I've always wondered about that symbolism: the Norse god Tiw, for whom Tuesday is named, is said to have surrendered his right hand to the Fenris-wolf as a pledge of good faith (which his pantheon immediately broke). The wolf bit down, the god lost his hand, but the great chain of being that would hold Fenris till the end of the age was in place.
The lesson to me, the one I think about on most Tuesdays, or Tiw's days, is that sometimes war can be seen as a needful sacrifice. A war that does not help to keep chaos at bay is a worse war than one which does, although all war has an intrinsically serious moral burden.
In Tiw's case, the loss of his master hand in Norse society would have disqualified him from leadership; indeed, it should have disqualified him from godhood. And yet... there he stands, with a silver hand, much like his Celtic counterpart Nuada.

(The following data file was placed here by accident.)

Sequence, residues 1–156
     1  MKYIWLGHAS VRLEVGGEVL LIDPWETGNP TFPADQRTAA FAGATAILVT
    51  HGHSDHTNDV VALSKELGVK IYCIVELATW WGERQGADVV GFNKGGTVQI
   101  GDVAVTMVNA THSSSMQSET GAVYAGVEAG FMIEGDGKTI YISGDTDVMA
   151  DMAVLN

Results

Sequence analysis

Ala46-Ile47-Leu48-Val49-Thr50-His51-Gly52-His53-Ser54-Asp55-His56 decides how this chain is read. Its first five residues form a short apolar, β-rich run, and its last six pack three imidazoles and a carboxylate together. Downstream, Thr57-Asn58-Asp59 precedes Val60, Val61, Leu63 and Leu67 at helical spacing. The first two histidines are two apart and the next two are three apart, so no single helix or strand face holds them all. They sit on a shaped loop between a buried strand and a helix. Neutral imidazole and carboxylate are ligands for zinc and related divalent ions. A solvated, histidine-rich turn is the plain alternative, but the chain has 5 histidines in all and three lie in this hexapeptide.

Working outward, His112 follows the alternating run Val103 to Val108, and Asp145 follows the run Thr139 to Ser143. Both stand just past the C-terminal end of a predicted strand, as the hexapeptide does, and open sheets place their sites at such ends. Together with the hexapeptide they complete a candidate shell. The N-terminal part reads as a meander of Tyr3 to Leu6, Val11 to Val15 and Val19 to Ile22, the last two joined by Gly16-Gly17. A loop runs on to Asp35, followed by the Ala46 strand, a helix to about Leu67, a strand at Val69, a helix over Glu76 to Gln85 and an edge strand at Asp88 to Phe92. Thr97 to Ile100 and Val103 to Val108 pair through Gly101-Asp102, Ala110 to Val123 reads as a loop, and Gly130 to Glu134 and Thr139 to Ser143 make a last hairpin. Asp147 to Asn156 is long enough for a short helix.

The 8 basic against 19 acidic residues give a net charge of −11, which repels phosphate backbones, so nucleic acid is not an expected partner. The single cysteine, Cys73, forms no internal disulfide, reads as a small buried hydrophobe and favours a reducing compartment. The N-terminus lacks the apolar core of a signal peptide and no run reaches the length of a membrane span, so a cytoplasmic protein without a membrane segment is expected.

Tiw, also known as Tyr, faded early from Norse myth. He was seen as the organised face of war, much as Athena was in comparison to Ares. Wise and self-sacrificing, Tyr apparently had little place in later Norse myth. His name is absent from the Eddaic poetry about Ragnarok, the last battle of the world.